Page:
Video Assistant Referee (VAR) is subject to immense scrutiny from nearly every football fan under the sun. From the inconsistency, the long stoppages of play and to the controversy, VAR’s toddler years have not been an improvement on its infancy. But, despite all the misgivings of VAR, weathering the storm of its early years will prove to benefit the entire sport.
Why Sticking With VAR is for the Better
A Realistic Scenario
Picture this: 40,000 fans decked out in blue scarves and kits are chanting with all their might. Goodison Park rocks to the point where the roof would have flown off if it had one to start with. The score is 1-1. The Merseyside Derby is in its final minute of play. A point will more than do for the Toffees, who very recently equalised.
The scoreboard reads ’93:40.’ That is when Mohamed Salah picks the ball up on the wing. Roberto Firmino is waving his arms in the box, waiting to be picked out. Michael Keane looks over his shoulder and knows not to worry about the Brazilian as he sees half of Firmino’s chest offsides.
Salah delivers the ball anyway. Keane leaps to head the cross away from danger, but the ball brushes past the top of his hair. Firmino’s head meets the ball, and the top right-hand corner of the net bulges less than a second later. Keane glances at the linesman. So does everyone else in the stadium, Liverpool players included, expecting to see the goal disallowed.
The flag stays down. The away support is in euphoria as Jurgen Klopp rushes onto the pitch to celebrate with his players. Carlo Ancelotti, alongside the Everton players and faithful, seethes at the officiating decision. The initial decision of the referee and linesman is final. Replays from every angle show Firmino was offside, but the die had been cast.
This indeed is an extreme example of the type of controversy and heartache not having VAR can have. However, such situations, sometimes in equally dramatic circumstances, happen all too frequently in leagues without VAR. Last month, EFL Championship managers unanimously demanded to have a meeting because of how poor officiating (without VAR) has been this season.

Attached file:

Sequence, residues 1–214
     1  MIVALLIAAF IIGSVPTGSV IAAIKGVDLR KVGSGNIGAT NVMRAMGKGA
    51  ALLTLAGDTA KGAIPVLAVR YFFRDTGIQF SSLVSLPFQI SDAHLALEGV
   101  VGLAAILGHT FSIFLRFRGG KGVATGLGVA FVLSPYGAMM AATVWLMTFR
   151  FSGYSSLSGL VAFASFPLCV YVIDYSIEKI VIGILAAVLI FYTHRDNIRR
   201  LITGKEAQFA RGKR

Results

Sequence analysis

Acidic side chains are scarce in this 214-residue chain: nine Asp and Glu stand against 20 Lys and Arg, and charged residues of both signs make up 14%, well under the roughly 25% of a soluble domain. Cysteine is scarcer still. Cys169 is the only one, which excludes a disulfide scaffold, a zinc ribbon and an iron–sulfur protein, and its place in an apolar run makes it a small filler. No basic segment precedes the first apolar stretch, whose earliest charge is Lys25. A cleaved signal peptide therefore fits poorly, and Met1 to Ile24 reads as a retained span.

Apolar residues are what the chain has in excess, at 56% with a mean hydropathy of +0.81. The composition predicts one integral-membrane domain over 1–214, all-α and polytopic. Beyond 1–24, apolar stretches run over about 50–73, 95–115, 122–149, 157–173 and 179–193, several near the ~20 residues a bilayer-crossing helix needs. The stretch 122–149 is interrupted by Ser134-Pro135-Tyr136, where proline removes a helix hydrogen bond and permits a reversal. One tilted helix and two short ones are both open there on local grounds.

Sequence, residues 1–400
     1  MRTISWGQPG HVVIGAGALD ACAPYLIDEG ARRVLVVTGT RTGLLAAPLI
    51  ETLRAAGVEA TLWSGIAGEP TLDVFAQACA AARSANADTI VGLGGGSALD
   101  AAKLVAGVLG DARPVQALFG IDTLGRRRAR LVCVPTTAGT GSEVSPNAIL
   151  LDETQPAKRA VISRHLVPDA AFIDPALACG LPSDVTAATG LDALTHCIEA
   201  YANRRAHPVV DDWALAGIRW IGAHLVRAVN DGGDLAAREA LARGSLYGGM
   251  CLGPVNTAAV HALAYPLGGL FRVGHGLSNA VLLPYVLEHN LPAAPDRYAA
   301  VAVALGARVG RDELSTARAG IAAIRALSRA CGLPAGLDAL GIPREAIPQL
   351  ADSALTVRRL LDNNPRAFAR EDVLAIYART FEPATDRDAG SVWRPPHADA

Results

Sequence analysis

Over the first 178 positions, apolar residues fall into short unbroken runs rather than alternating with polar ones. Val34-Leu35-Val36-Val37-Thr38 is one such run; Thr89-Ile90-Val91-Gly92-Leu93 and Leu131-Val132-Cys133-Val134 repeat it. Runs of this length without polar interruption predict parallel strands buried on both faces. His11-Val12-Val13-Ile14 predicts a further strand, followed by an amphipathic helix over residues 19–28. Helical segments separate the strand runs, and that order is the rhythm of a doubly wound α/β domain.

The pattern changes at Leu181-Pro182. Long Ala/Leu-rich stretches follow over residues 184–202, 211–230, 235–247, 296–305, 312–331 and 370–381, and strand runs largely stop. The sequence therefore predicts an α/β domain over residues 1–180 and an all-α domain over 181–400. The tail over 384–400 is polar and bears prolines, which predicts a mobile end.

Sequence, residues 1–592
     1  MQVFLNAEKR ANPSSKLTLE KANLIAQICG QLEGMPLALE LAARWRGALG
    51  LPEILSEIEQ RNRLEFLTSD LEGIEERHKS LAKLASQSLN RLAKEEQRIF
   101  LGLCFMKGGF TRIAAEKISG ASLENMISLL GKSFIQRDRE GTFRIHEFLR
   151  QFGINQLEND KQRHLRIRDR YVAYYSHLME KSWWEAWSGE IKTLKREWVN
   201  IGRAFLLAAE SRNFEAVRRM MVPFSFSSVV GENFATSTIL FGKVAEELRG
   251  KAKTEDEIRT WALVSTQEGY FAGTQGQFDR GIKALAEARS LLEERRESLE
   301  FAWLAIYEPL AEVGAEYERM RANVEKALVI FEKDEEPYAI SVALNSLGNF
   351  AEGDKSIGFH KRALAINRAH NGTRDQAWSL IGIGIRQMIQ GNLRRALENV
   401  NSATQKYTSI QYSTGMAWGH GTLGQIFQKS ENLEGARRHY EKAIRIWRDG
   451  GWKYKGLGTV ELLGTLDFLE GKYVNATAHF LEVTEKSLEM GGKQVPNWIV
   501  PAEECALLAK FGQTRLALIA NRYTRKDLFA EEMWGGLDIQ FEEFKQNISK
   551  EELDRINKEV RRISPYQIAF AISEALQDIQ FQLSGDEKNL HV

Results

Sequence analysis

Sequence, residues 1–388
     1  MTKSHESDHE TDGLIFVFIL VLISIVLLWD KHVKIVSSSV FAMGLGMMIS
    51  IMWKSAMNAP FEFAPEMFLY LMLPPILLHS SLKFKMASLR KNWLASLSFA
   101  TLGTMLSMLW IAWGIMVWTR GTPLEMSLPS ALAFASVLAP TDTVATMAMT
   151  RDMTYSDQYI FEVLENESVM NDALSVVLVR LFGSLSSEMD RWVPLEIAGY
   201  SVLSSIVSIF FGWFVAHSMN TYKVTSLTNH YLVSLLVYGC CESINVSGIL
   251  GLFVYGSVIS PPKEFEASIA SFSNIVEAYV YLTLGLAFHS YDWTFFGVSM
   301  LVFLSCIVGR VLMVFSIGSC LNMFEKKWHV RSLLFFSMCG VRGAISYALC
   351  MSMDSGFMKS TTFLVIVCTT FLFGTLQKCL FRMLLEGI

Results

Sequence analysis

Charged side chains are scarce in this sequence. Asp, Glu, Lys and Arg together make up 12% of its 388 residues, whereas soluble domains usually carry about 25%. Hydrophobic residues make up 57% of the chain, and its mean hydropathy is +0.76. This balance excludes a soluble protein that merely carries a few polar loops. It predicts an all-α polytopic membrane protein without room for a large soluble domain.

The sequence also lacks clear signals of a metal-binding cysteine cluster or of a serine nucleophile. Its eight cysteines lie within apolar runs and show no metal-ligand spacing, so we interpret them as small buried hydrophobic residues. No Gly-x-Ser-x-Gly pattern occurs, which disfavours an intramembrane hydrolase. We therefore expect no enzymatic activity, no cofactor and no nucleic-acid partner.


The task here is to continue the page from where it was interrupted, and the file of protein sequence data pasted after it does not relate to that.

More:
The Problems Are in the Writing
The problems regarding VAR are not actually the fault of the Video Assistant Refereeing system. Rather, the issues revolve around the strict wording of the rules it has to enforce, as well as the officials’ interpretation of those rules. VAR was introduced to overturn “clear and obvious errors.” When a decision made is “clearly and obviously” wrong, then VAR has been able to pretty consistently right the misjudgment of the official. When an official is objectively wrong, VAR is there to overturn it.
The issues come when the idea of “clear and obvious” is blatantly disregarded. No one, in a match of football, should have to wait over one minute to find out whether a call has been overturned or not. If the referee made a decision that was “clearly and obviously” incorrect, then reviewing it would not take more than one minute. The concept of VAR is not at fault for the time the officials decide to take to review a play.
VAR is also not to blame when the referees try to overturn a subjective call. For instance, whether a player used excessive force in a challenge is not a choice where VAR should be meticulously used. “Excessive” is objectively a subjective term. Now, whether a challenge was a textbook red card, such as the studs making contact with the shin while no part of the ball is touched, is indeed worthy of review and a sending off if necessary.
A “clear goal-scoring opportunity” is a subjective interpretation. There is no definitive definition of what “clear” means. So, when the officials use VAR for subjective decisions, which goes against its intended purpose, then how can VAR itself be blamed?
VAR is Here to Stay and We’re Sticking With it
The reality is football is better with VAR. For now, it feels much less natural. Such is true with any rule change in any sport. When instant replay reviews were introduced to American football in the 1980s, many people opposed it. Now, no one even considers the possibility of the sport being without it.
When the players are able to focus more on the match and worry less about being erroneously penalised or sent off, the beautiful game will be purer. Players will play more freely without having such preoccupations. The team that emerges victorious will not do so because of unruly officiating controversy.
For now, VAR might feel strange and be heavily detested at times. But, change and improvement cannot always be as fast as people like. VAR is not to blame for the problems video review has caused thus far. Football right now might feel better without VAR, but in the long run, the sport will be much better with it. Talent and tenacity should always decide the result – never officiating blunders.